Skip to main content

Blog

September 8, 2014

Today’s Generation and HIV - Guest Post by Paige Rawl

Tagged:

What would you do if you told your best friend your deepest secret --- and than she told everyone within the hour? That's exactly what happened to Paige Rawl, who divulged her HIV positive status to her friend and soon after was bullied by the entire school with nowhere to turn for help. At 15 she found herself facing a bottle of pills, but pulled herself back, fought the system about bullying laws and has become an inspiration for teens everywhere.

Paige tells her story in her new memoir, POSITIVE, and gives us a brief taste in her blog post below, where she explains what  happened to her in middle school and why HIV education is so important. Read below, and be sure to check out our interview with Paige, an excerpt from POSITIVE, and contest, where you can win a copy of the book!


Since the early 1980s, HIV/AIDS has been an epidemic across the globe. In the beginning, HIV was considered a white gay male’s disease. Now about 1 in 4 of new HIV infections are found in young people, ages 13-24.

            In just 35 years, this particular disease has gone from being one of the most talked about epidemics to an out of sight, out of mind issue. HIV is not one of teens’ biggest concerns when deciding whether to become involved with someone --- they worry more  about getting pregnant or catching another STD. Teenagers seem to believe that they are safe if the person they are getting involved with doesn’t look unhealthy. Little do they know that HIV/AIDS does not discriminate. You can’t tell by looking at a person that they have a positive HIV diagnosis --- and one in five people have the disease.

            HIV is surrounded by stigma and ignorance. Our generation’s parents grew up when HIV was considered a nasty disease. People were not educated enough to realize that you cannot catch the virus from a simple hug, kiss or cough. This misconception carries a negative attitude towards all those with the disease. But today’s generation determines tomorrow’s future. If there is any way that the AIDS epidemic is going to end, then it must be through education in schools.

            The stigma is still a huge issue. I personally experienced the bullying that goes along with being HIV positive. My mother discovered that I had been born HIV positive right before my third birthday. She had contracted the disease from my father, and she found out when I was just two and a half years old. My mother chose to fight for herself and her daughter, even though many people might have hidden in shame. My father was the opposite. He hid the disease from his family and friends. He denied until his death bed that he was HIV positive. When I was just six years old, my father passed away from an AIDS related illness.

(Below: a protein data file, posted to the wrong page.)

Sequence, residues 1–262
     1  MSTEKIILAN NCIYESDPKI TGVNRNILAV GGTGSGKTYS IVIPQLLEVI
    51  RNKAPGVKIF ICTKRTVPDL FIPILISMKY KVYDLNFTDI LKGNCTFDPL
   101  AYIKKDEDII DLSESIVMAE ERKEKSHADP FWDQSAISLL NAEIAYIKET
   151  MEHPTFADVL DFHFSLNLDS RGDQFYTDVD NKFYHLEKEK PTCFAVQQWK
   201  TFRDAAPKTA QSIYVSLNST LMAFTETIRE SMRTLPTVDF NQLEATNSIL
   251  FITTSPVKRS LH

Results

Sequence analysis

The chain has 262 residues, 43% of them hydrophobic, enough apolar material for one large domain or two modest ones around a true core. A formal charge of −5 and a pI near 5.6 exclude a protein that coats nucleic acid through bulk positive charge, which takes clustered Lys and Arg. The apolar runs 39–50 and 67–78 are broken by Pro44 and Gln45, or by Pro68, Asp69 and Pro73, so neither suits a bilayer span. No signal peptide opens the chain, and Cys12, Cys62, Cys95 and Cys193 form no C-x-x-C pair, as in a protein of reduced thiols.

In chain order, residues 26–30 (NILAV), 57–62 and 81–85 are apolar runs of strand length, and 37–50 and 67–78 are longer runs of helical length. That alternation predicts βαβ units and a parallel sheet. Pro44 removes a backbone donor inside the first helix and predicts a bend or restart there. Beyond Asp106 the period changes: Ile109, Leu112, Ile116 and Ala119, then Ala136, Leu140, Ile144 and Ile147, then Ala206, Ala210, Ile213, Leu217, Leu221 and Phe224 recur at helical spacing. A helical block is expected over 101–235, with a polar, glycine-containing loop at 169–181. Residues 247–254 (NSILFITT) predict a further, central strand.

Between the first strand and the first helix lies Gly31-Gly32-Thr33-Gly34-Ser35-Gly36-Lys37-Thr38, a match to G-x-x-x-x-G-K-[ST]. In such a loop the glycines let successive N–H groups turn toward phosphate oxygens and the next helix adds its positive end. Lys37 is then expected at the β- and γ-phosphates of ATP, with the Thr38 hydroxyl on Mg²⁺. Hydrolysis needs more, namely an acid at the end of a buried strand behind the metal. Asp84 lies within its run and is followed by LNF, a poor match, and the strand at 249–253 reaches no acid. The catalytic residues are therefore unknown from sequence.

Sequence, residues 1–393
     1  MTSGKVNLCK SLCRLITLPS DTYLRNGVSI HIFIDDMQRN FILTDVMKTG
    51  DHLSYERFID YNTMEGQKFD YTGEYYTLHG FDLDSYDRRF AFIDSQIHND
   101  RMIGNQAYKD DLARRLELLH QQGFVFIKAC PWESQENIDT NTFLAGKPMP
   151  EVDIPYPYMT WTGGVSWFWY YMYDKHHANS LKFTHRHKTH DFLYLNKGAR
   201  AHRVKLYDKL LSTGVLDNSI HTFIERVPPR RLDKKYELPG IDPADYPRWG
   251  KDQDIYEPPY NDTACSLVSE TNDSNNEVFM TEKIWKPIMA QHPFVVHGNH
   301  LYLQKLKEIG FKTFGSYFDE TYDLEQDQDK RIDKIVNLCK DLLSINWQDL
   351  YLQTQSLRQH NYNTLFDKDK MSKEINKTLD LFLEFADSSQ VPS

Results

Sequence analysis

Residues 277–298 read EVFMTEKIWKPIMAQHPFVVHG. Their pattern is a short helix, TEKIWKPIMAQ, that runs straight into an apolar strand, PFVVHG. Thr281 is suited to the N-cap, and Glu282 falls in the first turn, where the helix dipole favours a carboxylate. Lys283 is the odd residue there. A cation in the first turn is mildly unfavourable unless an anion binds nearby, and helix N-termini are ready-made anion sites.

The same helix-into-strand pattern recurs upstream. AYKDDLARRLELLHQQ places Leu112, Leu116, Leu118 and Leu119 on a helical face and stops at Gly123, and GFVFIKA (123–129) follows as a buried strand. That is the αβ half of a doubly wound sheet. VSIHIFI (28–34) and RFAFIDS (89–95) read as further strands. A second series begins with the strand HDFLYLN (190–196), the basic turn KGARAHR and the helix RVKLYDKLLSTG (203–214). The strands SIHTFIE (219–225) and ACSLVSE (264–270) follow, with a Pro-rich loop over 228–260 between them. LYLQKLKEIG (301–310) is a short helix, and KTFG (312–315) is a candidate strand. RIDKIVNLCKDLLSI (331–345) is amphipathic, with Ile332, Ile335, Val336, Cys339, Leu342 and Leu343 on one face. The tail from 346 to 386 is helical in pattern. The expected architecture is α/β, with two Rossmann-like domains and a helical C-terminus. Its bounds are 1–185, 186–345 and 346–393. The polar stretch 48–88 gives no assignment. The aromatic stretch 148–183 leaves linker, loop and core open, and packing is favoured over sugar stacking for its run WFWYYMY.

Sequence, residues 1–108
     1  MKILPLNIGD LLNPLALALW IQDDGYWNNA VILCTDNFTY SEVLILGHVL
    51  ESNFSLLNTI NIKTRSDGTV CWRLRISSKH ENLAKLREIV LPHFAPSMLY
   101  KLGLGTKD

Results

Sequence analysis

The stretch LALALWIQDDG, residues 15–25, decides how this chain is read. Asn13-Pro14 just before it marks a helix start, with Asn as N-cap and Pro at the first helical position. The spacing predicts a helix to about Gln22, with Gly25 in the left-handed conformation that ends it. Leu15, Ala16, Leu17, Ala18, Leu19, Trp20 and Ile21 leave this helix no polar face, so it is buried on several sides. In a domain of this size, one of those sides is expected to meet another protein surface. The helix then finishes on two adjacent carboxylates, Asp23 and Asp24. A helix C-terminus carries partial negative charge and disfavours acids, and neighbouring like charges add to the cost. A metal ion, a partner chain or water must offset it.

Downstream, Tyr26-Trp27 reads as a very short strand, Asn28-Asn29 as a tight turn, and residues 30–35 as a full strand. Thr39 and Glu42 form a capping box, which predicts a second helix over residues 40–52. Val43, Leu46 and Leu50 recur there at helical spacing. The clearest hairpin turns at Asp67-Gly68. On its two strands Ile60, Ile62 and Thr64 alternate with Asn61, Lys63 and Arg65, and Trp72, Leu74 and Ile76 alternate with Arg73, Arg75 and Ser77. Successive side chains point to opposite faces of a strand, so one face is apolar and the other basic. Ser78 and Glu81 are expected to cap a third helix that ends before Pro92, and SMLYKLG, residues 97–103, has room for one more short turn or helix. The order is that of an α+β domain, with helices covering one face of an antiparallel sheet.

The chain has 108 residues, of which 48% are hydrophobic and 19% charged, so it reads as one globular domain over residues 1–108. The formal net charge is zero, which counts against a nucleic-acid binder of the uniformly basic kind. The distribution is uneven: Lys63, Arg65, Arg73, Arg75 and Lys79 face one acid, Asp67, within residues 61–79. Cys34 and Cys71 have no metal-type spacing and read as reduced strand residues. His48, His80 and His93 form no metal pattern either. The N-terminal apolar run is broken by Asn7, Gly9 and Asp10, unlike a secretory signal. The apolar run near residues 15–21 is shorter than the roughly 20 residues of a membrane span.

When I found out that I was HIV positive, it didn’t change my life. I grew up thinking all my medication and doctor’s appointments were normal. I thought having HIV was no worse than having, say, asthma (which I have as well). But in sixth grade, I confided to my best friend that I was HIV positive from birth. She told her older sister --- and it spread through the entire middle school within weeks.

            I received the nickname PAIDS, lost most of my friends, and was bullied so badly that I had stress induced seizures. It wasn’t just the kids who were cruel when they found out my HIV status. My school counselor advised me to deny that I was HIV positive. My soccer coach told me that I could score goals because the kids on the other team would be afraid to touch me. My school principal told me that she wished I could go to school there, but that she couldn’t promise to protect me. These were adults that I was supposed to look up to. This was the kind of response that showed a generation that it was okay to bully someone for the thing that makes them different.  

It was wrong.

            After all that I went through, I decided to do something about how I was treated. I didn’t want to see anyone experience what I did.

There is no true cure for this disease, but more education in schools will help young people learn how it is and isn’t spread --- and how to prevent it. Speaking and sharing my story became my own way to cope with the fact that I was HIV positive, but it also became a way for me to try to influence the actions of teenagers who see bullying on a daily basis.

            It never surprises me when I get up to share my story that some people in the audience gasp when I mention I am HIV positive. They think that it can’t happen to a “normal” person. They look at me and see a little bit of themselves: a young all-American teenager, going to school, doing all the things that they do, and more.

            Even though I have spoken to thousands of students, I feel like I still have a lot more educating to do to pave the way for a brighter future for those living with HIV --- and those who are being bullied --- every day.


Paige Rawl is an accomplished speaker and an inspirational figure for the tens of thousands of kids to whom she has spoken. Today, Paige is a national youth advocate, antibullying crusader and powerful HIV/AIDS educator. Paige has been featured in multiple national media outlets, including USA Today, People magazine, Seventeen magazine, Nick News with Linda Ellerbee, the Huffington Post, and Poz magazine. Since Paige was eight years old, she has participated enthusiastically in pageants. Most recently, Paige was Miss Indiana Teen Essence 2011 and Miss Indiana High School America 2012. She is currently a student at Ball State University, where she plans to study molecular biology.